Samuel Fuller would have been 100 this year. Throughout his long and exciting life, Fuller was a modern day factotum. Reporter. Novelist. Soldier. Devoted father and husband. Actor. Runway model. Filmmaker. And while his first and last movie industry credits were as a screenwriter (1936’s Hats Off and 1994’s Girls in Prison, respectively), Fuller is best remembered for his work as a director. Films like Pickup on South Street (1953), Shock Corridor (1963), The Naked Kiss (1964), and The Big Red One (1980) are bona fide classics. Over the years, Fuller’s reputation has changed from industry outsider to something of an icon amongst filmmakers and moviegoers alike.
Fuller’s directorial body of work comprises 22 theatrical feature films, 3 made-for-tv features (Dead Pigeon on Beethoven Street, Day of Reckoning, and The Madonna and The Dragon), and numerous television episodes (chiefly Iron Horse, as well as other shows). His first film as director, 1949’s I Shot Jesse James, was a small, independent production whose modest means belied its brazen, daring vision of a ruthless, psychotic West. Fuller challenged the cultural mythology of the West, daring to look beneath the archetype of the Jesse James-Bob Ford legend to uncover the raw emotions and motivations at the heart of their actions. The result was a radical re-visioning of the West filled with characters, ideas, and feelings relatable to modern day audiences. Only one film into his career, and Fuller had defined the facets that would be present throughout his career: politically-charged stories blending philosophy, poetry, and violence. Fuller’s major innovation, and personal invention, was to turn cinema into an editorial. Even his final feature, the 1994 made-for-television movie The Madonna and the Dragon, which is set during the People’s Revolution in the Philippines, exhibits the same reporter’s eye for drama and poetic-politic fusion that defined his career.
While his bold personality and defiant, unconventional style put him at odds with the classical Hollywood studio system, it has made him a hero to generations of cineastes. Fuller began as an independent writer/director, and even though he did move over to Fox to work with legendary producer Darryl Zanuck, he wasn’t afraid to leave when his vision didn’t align with the studio. When Zanuck wanted to turn Park Row into a Technicolor musical, Fuller decided to finance the film himself, turning himself into a truly and totally independent filmmaker. For the rest of his career, Fuller did work both independently (Shock Corridor, The Naked Kiss) and with studios (White Dog for Paramount), but one thing remained constant: Fuller was an artist with a vision, and he refused to compromise. Fuller knew the dangers of being independent—lower budgets, smaller releases, potentially treacherous producers or financiers. Occasionally, cuts were beyond his control, such as with Caine, a film about Mexican gun runners that was cut up by the producers without Fuller’s knowledge, and turned into an incomprehensible mess known as Shark. But even studio-produced work could be uncertain. Paramount shelved the controversial White Dog because of threats from the NAACP—their criticisms of racism, it should be noted, were unfounded. Fuller’s steadfast commitment to his own ideals, however, paid off. Fuller’s body of work is fully his own, a deeply personal series of films that, despite occasional peaks and valleys, is extraordinarily consistent in terms of craft, personality, and vision.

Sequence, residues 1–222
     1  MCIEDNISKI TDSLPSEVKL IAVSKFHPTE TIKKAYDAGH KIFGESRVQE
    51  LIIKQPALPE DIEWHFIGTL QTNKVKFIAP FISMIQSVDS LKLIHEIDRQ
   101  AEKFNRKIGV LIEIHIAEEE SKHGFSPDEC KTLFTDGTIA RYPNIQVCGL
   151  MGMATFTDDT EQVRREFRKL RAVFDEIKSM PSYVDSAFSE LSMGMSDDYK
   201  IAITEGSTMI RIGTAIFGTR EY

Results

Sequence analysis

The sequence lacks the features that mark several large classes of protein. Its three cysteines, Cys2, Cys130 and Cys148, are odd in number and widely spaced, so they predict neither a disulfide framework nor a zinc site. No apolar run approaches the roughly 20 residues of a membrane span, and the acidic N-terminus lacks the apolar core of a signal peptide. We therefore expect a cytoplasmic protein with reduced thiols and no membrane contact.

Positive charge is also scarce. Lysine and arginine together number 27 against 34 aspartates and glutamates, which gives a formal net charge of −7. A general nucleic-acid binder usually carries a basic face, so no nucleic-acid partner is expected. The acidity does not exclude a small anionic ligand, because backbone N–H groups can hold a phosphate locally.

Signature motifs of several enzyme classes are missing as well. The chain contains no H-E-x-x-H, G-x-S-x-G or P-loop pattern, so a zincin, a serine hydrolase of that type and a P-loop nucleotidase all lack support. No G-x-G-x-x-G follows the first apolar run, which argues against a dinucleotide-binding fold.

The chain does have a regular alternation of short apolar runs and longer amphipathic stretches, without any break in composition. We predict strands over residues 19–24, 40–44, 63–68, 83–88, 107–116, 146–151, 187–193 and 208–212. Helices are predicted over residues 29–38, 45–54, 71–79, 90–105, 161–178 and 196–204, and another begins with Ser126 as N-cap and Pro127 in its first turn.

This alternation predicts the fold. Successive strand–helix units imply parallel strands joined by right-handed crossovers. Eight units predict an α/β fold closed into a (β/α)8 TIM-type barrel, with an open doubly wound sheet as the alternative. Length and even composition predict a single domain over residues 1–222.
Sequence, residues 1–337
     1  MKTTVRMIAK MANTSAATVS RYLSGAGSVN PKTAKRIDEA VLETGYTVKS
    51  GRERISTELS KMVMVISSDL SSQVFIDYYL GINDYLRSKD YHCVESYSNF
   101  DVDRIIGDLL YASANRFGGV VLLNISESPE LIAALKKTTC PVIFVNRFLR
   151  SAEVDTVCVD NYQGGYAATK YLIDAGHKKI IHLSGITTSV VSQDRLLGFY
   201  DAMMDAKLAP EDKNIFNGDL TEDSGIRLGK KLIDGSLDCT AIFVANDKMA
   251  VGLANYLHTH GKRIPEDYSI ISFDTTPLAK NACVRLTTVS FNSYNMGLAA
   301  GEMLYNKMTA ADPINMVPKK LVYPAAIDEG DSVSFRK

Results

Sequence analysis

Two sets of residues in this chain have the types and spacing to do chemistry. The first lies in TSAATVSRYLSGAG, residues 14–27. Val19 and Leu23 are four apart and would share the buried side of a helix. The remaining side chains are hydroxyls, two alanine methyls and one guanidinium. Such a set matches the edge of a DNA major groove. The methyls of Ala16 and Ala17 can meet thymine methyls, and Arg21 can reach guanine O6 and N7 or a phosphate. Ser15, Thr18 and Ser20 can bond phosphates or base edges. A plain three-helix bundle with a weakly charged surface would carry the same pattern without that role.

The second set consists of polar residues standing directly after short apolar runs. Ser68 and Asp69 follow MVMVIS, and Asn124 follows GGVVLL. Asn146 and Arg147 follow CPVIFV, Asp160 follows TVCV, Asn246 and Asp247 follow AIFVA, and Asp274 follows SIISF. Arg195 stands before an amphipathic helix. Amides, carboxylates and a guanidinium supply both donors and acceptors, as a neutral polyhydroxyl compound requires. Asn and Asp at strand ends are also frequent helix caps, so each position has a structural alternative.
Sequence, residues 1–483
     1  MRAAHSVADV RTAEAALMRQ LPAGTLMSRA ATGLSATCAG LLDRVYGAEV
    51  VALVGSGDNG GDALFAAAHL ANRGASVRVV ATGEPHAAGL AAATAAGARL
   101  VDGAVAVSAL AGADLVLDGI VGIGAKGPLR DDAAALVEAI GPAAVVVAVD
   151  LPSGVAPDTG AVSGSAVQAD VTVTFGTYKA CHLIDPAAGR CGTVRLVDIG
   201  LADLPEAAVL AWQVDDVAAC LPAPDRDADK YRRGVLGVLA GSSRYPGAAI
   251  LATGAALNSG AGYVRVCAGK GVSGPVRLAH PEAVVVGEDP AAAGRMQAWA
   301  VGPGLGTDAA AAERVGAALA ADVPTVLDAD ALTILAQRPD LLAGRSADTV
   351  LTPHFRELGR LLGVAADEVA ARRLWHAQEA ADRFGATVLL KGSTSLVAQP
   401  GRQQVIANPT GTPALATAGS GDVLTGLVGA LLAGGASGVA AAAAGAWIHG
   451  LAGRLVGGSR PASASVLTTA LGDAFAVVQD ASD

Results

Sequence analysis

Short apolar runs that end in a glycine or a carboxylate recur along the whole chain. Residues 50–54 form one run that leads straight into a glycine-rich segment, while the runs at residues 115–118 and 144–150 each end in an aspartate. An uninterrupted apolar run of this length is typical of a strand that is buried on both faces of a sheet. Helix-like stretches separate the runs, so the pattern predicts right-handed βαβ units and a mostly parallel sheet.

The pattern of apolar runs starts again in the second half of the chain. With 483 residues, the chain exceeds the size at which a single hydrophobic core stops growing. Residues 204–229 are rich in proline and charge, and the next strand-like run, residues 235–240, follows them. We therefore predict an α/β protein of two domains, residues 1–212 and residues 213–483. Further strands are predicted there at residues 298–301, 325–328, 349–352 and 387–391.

Such varied filmmakers as Claude Chabrol, Dennis Hopper, Luc Moullet, and Wim Wenders all paid their respect to Fuller by giving him small cameos in their films. The biggest and most insightful tribute was Jean-Luc Godard’s Pierrot Le Fou. For a party scene, Godard asked Fuller to play himself. The scene is lasts only a few seconds – a couple brief lines between Fuller and Jean-Paul Belmondo, who asks, “What is cinema?” – but the exchange has become something of legend. Fuller recounts in his memoir, A Third Face:
Without the faintest idea of what I was supposed to say, I showed up at a studio on the outskirts of Paris the day of the shoot. […] We never rehearsed the damn scene. I wasn’t sure what Jean-Luc wanted, so I took a puff on my cigar and played myself, blurting out a line in my tough-guy vernacular, which a bilingual lady repeated in French as I spoke: “Film is like a battleground. There’s love, hate, action, violence, death… in one word: emotion.”
It’s the perfect summation of Fuller’s own aesthetic, and arguably the most romantic, yet accurate, definition of “cinema” ever given.
Fuller’s reputation continues to grow every year, garnering new critical praise and gaining new generations of fans. And now that his films are more widely available and easily accessible than ever before, fans can look beyond his canonized works and discover the breadth and depth of his filmography. Samuel Fuller: Deep Cuts examines the lesser-known battlegrounds of his career. Over the next week, we will highlight films of his that, while lesser-known, are crucial milestones in his filmography, personal favorites here at NotComing.com, and just damn fine movies. In conjunction with this feature, we will be screening a personal favorite of Fuller’s, Park Row, in 35mm at 92YTribeca on Saturday, November 24th. If you are in the New York City area, drop on by and pay tribute to this cinematic legend.
Introduction by Cullen Gallagher
The Day of Reckoning1990
The Madonna and the Dragon1990